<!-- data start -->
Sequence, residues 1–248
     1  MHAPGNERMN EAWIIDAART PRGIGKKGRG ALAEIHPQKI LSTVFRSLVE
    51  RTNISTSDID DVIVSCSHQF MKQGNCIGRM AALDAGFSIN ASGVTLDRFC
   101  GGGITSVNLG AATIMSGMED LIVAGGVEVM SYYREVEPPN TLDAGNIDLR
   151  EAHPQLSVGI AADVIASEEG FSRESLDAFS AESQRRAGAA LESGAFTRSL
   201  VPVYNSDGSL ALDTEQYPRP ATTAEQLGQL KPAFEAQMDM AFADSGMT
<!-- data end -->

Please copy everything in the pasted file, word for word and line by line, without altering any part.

Sequence, residues 1–248
     1  MHAPGNERMN EAWIIDAART PRGIGKKGRG ALAEIHPQKI LSTVFRSLVE
    51  RTNISTSDID DVIVSCSHQF MKQGNCIGRM AALDAGFSIN ASGVTLDRFC
   101  GGGITSVNLG AATIMSGMED LIVAGGVEVM SYYREVEPPN TLDAGNIDLR
   151  EAHPQLSVGI AADVIASEEG FSRESLDAFS AESQRRAGAA LESGAFTRSL
   201  VPVYNSDGSL ALDTEQYPRP ATTAEQLGQL KPAFEAQMDM AFADSGMT